I’ve had a lot of success using the dual-battery charger set by RAVPower (around $28). While I’m a Sony user, RAVPower does offer similar dual-battery chargers for a variety of popular Canon and Nikon models. A bonus is that these dual-battery chargers also come with two spare batteries, but remember to test their charge capabilities before going in the field with them. Of course, you can also purchase original batteries made by your camera manufacturer. While these tend to be more expensive, you can have peace of mind that they have been built and rated for use in your specific camera.
Media Cards And Readers
Whenever a new camera is announced, one of the features that often takes center stage has to do with its burst shooting, usually represented in frames per second (fps). Sports, wildlife and action photographers often live or die by how fast the camera can keep shooting before its internal buffer fills up. As that happens, the camera has to write the image data to the media card you inserted and, depending on the type that’s in there, this task can take a lot more—or less—time. With SD cards being one of the most popular media card types, it’s important to know what the read and write speeds are for the ones you use. The cards I use, for example, are rated at 94 MB/s, which becomes crucial, as the RAW files produced weigh in at almost 80 MB. If you’re photographing a sporting event where every millisecond needs to be captured, it’s critical to know the capabilities of your media cards. Fortunately, some of the newest cameras on the market are now taking advantage of supporting UHS-II SD cards, allowing for even faster write speeds.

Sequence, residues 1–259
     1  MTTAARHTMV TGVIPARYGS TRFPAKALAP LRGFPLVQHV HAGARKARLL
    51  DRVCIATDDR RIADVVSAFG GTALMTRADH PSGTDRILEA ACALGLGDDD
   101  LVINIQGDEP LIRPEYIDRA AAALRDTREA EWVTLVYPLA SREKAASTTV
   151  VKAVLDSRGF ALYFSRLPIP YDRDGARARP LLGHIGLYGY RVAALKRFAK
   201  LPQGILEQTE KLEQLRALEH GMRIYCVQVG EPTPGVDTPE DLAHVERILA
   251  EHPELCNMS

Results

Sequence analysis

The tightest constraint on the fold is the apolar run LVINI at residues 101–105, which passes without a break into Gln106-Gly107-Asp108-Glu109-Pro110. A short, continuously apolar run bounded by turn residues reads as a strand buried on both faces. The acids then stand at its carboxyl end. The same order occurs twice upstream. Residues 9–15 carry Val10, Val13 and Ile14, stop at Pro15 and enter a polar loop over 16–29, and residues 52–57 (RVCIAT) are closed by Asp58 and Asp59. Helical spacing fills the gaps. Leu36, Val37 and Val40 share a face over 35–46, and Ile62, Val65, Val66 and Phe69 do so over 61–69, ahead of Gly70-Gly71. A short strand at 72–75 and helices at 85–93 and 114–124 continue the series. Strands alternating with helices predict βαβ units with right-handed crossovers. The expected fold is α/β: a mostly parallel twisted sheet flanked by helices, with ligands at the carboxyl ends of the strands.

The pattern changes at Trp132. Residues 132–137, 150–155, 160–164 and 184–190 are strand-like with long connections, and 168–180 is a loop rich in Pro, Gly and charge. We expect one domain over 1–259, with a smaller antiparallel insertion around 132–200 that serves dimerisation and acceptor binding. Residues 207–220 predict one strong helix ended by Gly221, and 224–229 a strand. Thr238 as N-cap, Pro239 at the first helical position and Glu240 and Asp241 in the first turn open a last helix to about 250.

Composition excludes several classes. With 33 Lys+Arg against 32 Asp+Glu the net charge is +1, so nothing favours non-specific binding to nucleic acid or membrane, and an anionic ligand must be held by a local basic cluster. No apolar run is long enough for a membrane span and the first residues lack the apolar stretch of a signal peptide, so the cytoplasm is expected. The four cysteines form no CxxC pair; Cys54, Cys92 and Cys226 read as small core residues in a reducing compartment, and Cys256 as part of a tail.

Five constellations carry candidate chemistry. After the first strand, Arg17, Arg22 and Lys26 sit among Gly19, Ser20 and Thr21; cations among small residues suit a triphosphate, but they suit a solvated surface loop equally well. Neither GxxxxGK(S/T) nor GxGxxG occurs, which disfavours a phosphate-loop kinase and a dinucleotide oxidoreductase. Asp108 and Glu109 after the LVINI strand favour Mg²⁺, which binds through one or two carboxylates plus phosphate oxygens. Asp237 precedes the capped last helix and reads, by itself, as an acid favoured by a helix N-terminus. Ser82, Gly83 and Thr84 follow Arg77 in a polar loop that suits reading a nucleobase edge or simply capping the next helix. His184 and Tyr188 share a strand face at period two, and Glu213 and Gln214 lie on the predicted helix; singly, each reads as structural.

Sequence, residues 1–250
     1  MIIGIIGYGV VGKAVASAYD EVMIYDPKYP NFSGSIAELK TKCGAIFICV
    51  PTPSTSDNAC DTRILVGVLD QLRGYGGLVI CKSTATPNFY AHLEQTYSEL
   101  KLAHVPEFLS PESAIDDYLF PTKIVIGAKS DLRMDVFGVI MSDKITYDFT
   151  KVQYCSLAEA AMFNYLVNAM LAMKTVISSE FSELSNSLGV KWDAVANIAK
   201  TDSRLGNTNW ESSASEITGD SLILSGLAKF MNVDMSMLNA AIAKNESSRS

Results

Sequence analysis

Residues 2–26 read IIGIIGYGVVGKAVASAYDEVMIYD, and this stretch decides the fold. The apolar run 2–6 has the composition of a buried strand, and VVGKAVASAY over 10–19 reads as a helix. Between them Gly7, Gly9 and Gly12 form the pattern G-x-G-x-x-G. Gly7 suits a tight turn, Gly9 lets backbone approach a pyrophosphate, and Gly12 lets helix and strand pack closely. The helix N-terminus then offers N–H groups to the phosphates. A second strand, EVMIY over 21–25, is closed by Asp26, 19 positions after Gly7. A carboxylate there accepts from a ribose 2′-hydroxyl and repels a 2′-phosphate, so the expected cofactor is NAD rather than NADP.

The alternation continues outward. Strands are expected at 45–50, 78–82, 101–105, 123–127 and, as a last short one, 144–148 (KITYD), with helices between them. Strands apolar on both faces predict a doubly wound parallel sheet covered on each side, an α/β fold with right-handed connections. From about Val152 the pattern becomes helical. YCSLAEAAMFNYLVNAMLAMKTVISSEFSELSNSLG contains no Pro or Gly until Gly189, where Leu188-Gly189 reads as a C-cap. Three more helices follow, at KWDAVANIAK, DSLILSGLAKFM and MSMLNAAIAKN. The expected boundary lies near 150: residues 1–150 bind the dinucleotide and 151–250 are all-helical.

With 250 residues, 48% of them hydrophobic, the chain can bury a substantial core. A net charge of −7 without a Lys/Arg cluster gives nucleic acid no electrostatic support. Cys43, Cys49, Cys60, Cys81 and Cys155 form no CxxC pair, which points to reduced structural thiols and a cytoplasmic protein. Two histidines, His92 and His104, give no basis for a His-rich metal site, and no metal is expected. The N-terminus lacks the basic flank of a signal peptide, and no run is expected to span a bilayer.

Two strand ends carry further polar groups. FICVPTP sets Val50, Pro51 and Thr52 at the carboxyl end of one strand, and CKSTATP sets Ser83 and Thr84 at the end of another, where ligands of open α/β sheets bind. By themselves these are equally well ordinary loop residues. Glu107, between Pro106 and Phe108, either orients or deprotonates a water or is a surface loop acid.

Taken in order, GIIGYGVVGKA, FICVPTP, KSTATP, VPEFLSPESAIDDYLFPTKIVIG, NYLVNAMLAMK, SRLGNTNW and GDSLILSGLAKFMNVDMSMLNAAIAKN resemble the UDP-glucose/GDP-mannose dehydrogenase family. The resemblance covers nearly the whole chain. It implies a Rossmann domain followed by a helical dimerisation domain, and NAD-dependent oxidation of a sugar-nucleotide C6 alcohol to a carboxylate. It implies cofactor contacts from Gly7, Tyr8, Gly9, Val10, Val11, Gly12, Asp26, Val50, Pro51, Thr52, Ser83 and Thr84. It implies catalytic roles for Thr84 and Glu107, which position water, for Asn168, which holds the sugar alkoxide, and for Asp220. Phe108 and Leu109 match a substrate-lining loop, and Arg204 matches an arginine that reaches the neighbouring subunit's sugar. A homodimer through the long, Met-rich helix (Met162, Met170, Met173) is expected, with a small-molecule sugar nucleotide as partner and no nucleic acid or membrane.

Storage capacity of modern media cards varies from 16 GB to upward of 256 GB. Historically, photographers were hesitant to use large-capacity media cards due to the rate of corruption that often plagued them. However, advancements in media card production have drastically cut down on these types of corruptions, making it totally viable to use 128 GB or 256 GB capacities. For videographers who often film in 4K, having this extra space is a must, as is having multiple cards to switch to when one gets full.
Your media card reader comes into play when it’s time to offload your photos from the SD card to your computer (or tablet), and there’s no shortage of options. All of my camera gear uses either SD or MicroSD cards, so I made sure to find a single reader that supports both. What’s more important is the bus type that the reader uses. Much like the speed ratings of your SD cards, the bus type of your reader will determine how fast your computer can read the image data stored on them. Most modern media card readers support USB 3.0, a mature bus that offers decently fast read speeds. However, as is the case with my computers, newer USB-C buses offer even more data throughput, so it may be worthwhile to invest in those supported media card readers. In either case, I recommend getting two, with one left at home and one kept with you when you travel. The last thing you want is to be caught on the road with no easy way to offload your photos.